Russell contrasts the empirical generalization "all men are mortals" with our previous a priori judgment. The difference between these statements rests with the kind of evidence involved. We can grasp the generalization as soon as we grasp the constituent universals, "man" and "mortal." It is unnecessary to be acquainted with the entire human race to understand the statement. Still, the generalization is based in experience because we know of many instances of men dying and no instances of immortality. We infer that all men are mortal; we do not perceive an a priori connection between the words.
An interesting feature of a priori propositions is that we can sometimes know one without knowing of a single instance. For example, it is known that multiplying two numbers together yields a third number, their product. The multiplication table is a record of all products less than 100. It is also known that "the number of integers is infinite, and that only a finite number of pairs of integers ever have been or ever will be thought of by human beings." Given what is known and what is necessarily unknown, we can formulate the proposition: "All products of two integers, which never have been and never will be thought of by any human being, are over 100." We can never know any instance of the proposition because its terms exclude knowing.
Russell exposes the epistemological relevance of such propositions with a return gesture to his earlier concepts. Knowledge of physical objects has been shown to depend on inference; we have no immediate knowledge of them. We can only give instances of immediate sense-data, not the associated physical objects. Russell writes: "Our knowledge as to physical objects depends throughout upon this possibility of general knowledge where no instance can be given. And the same applies to our knowledge of other people's minds, or of any other class of things of which no instance is known to us by acquaintance."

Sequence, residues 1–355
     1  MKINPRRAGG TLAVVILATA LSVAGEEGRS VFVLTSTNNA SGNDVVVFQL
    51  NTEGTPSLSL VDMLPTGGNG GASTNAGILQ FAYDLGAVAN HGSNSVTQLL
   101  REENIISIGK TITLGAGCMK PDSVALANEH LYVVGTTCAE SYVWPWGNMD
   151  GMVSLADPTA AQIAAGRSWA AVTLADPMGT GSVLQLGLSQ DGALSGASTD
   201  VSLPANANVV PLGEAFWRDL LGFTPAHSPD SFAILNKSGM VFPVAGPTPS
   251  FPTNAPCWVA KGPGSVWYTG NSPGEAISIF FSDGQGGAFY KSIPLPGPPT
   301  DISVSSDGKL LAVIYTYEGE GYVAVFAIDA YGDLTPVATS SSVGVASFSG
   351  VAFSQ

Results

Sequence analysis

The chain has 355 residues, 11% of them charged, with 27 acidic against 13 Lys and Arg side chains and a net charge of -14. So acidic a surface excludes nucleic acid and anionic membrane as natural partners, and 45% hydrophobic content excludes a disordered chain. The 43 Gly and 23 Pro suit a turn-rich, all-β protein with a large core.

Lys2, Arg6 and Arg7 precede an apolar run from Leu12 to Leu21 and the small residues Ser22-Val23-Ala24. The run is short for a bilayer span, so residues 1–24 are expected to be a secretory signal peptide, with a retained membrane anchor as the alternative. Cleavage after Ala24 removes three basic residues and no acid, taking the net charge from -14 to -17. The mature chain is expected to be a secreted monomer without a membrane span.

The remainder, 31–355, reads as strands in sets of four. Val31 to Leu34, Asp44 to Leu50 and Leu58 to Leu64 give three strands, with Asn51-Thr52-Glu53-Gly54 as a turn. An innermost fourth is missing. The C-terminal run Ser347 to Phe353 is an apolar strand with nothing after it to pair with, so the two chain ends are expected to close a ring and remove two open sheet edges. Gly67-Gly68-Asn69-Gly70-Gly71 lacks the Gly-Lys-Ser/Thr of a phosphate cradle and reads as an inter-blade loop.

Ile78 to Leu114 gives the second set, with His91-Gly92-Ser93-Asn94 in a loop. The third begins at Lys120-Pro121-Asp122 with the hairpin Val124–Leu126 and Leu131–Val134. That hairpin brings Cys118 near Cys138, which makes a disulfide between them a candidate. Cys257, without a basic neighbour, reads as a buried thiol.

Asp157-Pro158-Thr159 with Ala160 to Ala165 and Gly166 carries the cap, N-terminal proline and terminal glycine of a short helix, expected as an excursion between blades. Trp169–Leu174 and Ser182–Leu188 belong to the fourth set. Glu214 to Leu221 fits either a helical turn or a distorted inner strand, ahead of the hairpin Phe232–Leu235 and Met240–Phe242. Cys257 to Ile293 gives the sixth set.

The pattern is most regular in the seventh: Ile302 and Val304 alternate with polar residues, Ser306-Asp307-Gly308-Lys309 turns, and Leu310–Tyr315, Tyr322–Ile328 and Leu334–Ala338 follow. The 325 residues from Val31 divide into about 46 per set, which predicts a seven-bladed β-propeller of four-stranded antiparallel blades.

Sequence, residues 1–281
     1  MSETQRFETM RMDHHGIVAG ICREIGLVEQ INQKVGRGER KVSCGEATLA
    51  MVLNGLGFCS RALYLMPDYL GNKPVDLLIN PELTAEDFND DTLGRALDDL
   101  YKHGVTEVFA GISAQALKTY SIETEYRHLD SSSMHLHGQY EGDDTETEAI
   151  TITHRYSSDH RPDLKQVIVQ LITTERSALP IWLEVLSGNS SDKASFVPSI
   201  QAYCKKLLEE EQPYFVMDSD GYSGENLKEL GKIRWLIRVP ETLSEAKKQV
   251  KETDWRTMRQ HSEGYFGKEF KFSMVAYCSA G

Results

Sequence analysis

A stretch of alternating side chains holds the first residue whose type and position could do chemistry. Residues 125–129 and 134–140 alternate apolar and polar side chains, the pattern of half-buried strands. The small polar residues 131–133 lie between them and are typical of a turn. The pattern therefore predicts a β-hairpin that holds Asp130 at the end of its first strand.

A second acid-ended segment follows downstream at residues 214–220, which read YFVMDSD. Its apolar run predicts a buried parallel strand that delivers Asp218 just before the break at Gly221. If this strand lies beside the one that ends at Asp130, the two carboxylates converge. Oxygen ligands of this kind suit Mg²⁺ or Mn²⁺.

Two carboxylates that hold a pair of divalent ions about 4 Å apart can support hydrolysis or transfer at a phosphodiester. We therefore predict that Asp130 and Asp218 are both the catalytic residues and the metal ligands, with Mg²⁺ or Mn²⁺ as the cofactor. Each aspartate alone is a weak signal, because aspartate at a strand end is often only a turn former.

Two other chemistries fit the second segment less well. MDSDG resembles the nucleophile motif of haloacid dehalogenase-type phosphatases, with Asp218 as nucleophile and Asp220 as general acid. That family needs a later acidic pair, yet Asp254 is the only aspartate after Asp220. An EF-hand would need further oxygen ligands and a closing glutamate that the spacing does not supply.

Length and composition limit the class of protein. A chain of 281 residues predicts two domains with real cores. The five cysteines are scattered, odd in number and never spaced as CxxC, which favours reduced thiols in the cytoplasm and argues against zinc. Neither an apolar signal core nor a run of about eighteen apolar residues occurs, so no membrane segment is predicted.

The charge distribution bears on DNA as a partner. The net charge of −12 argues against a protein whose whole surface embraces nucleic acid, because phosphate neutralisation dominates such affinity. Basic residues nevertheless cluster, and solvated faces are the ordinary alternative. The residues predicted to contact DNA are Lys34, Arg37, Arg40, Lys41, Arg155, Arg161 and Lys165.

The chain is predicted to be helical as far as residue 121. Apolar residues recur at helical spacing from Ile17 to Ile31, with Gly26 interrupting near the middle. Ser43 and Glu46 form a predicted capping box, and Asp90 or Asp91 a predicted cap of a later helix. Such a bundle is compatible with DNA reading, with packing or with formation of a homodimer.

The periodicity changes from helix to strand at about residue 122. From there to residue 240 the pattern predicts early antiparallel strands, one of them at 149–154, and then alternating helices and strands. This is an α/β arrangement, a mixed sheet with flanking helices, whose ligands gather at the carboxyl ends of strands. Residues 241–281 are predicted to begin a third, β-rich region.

This chapter offers a useful summary outline of sources of knowledge as Russell has developed them. We must first separate knowledge of things from knowledge of truths. Each kind of knowledge is further divisible into an immediate branch and a derivative branch. Up to chapter ten, we have mostly discussed immediate knowledge of things, which Russell calls knowledge by acquaintance. We can be acquainted with particulars, through sense-data, or with universals, things like "sensible qualities, relations of space and time, similarity, and certain abstract logical universals." The other branch, our derivative knowledge of things, Russell calls knowledge by description. This method requires an acquaintance with something and some knowledge of truths, which brings us to the other half of our knowledge not as yet much discussed.
Like our knowledge of things, there is an immediate branch and a derivative branch of our knowledge of truths. As Russell will show, our immediate knowledge is aptly called "intuitive knowledge, and the truths so known may be called self-evident truths." Self-evident truths will include that which we gather from the senses and "certain abstract logical and arithmetical principles." Whatever we can deduce from these self-evident truths will comprise our derivative knowledge of truths. Since knowledge by description depends on direct acquaintance and knowledge of truths, it is enlightening to return to chapter five (on description) after learning about knowledge of truths.
The problem of error arises with knowledge of truths; it does not with knowledge of things. If we stay within the scope of the immediate object, as in sensation, then we do not risk error. Our beliefs can be confirmed or revealed as mistaken, when "we regard the immediate (sense-data) as representative of a physical object." Next, Russell will analyze the nature of our intuitions since our intuitive knowledge is, in part, the basis for our knowledge of truths.